I live in the Midwestern United States (central Iowa), where almost every town still has a functioning water tower – a large water tank perched atop a high tower. Its primary purpose is to provide clean water that's safe for drinking and food preparation during a power outage (gravity provides the hydrostatic pressure to push its stored contents into water distribution systems). Due to Iowa’s flat landscape and minimal number of tall buildings, water towers are one of the most easily visible structures in the region.
While disc golfing the other day, I was searching for a wayward tee shot in a wooded area when through and above the trees I saw a nearby water tower. This made me think of traditional approaches to data management and analytics. The data an organization stores and maintains internally, often in an enterprise data warehouse, is analogous to a water tower. Most of this data has been internally generated then structured, transformed, cleansed, integrated and stored to support specific business purposes. For example, it's used to conduct daily operations, process financial transactions, and for the post-storage analysis that produces the factory fodder feeding most business intelligence reports.
As my disc golfing continued, one tee provided a nice view of Saylorville Lake, a man-made lake constructed by the US Army Corps of Engineers as a reservoir and flood control system for the Des Moines River. This made me think of the rising popularity of data lakes, a storage repository holding a vast amount of raw data in its native format – structured, semistructured and unstructured data. A data lake is essentially a reservoir and flood control system for big data. The lake stores it all before data structures and business requirements have been defined for its use, including its many potential applications for advanced analytics.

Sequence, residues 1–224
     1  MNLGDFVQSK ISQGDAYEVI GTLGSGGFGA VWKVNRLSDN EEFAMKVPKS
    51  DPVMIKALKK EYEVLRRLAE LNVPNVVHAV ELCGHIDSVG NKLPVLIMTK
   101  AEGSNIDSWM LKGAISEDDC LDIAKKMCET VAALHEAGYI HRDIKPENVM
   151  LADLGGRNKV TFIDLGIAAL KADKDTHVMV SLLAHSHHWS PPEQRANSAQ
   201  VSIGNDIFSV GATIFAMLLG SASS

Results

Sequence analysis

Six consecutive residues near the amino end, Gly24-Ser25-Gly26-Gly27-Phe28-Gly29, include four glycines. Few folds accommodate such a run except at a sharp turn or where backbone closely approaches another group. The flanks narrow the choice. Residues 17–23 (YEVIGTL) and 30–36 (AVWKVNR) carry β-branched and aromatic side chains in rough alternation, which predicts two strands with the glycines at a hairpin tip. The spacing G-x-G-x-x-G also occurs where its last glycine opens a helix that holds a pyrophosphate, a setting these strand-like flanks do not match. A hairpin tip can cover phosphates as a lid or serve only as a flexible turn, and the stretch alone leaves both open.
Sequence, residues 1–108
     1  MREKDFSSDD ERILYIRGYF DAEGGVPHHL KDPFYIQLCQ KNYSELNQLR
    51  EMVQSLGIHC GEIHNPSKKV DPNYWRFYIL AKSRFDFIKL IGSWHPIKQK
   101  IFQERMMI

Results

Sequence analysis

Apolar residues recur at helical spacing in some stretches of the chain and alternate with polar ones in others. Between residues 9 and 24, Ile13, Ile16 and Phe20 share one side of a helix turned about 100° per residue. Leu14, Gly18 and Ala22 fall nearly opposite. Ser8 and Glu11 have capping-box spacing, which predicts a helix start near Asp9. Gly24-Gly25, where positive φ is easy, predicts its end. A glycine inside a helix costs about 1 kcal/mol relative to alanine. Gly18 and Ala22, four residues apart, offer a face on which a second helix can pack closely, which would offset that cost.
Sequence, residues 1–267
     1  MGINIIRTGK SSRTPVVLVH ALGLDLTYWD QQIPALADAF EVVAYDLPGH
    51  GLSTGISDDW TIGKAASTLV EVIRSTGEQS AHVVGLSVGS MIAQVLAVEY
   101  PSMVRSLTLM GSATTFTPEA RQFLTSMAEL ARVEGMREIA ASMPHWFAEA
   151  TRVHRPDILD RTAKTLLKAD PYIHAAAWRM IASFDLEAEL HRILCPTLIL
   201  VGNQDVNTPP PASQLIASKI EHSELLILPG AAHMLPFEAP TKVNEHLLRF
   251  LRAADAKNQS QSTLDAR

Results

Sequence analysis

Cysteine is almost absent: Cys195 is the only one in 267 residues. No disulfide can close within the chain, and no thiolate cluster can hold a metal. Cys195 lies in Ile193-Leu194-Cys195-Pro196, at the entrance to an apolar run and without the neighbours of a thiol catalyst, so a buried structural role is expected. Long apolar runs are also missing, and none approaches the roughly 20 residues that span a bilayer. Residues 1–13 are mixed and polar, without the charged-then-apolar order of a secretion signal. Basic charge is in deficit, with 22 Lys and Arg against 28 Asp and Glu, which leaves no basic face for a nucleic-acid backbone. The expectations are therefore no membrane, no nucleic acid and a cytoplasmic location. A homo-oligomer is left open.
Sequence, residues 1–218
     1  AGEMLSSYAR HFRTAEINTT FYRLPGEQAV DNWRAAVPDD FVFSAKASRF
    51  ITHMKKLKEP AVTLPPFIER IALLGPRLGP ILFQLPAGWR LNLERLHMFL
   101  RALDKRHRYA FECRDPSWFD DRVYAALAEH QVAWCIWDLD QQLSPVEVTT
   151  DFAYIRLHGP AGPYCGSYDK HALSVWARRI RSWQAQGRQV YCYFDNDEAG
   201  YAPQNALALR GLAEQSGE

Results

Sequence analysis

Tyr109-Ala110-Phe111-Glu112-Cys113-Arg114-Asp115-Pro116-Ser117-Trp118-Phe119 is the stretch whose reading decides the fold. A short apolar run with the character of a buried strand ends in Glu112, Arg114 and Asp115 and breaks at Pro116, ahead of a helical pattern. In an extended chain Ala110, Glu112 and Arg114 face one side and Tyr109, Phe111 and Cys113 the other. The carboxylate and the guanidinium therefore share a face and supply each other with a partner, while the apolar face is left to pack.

When I reached the 18th hole of the disc golf course, I was confronted by its greatest water hazard: a fast-moving stream, a tributary of the Des Moines River that flows across the fairway and has carried many an errant tee shot away to a watery grave. This made me of think of the greatest data management hazard – and greatest analytical opportunity – represented by the data flowing around and through the enterprise without having ever been stored. That includes data flowing from external sources like sensors, RFID tags, smart meters, live social media, mobile devices and other internet-connected objects.
Dealing with this data makes me ponder how streaming analytics is blurring the lines between data management and analytics. With traditional analysis, the data is stored then analyzed. But in streaming analytics, it’s the models and algorithms that are stored, and incoming data is analyzed as it passes through them. All this happens as the data is being generated or transmitted in real time. So before streaming data is stored in a data lake, or extensively processed for storage in an enterprise equivalent of a water tower, it’s rapidly analyzed. The analysis is an attempt to determine the data's meaning and value, pinpoint event relevance and generate instant alerts when there’s an urgency to take action.
Streaming analytics is never going to obviate the need for traditional data management and analytics. But it is becoming an increasingly necessary complement of it. Because streaming analytics enables enterprises to decide what streaming data should be stored – and will be subject to management and governance. Further, the insights gleaned from streaming data are valuable for supplementing traditional business applications.Download a white paper: Channeling Streaming Data for Competitive Advantage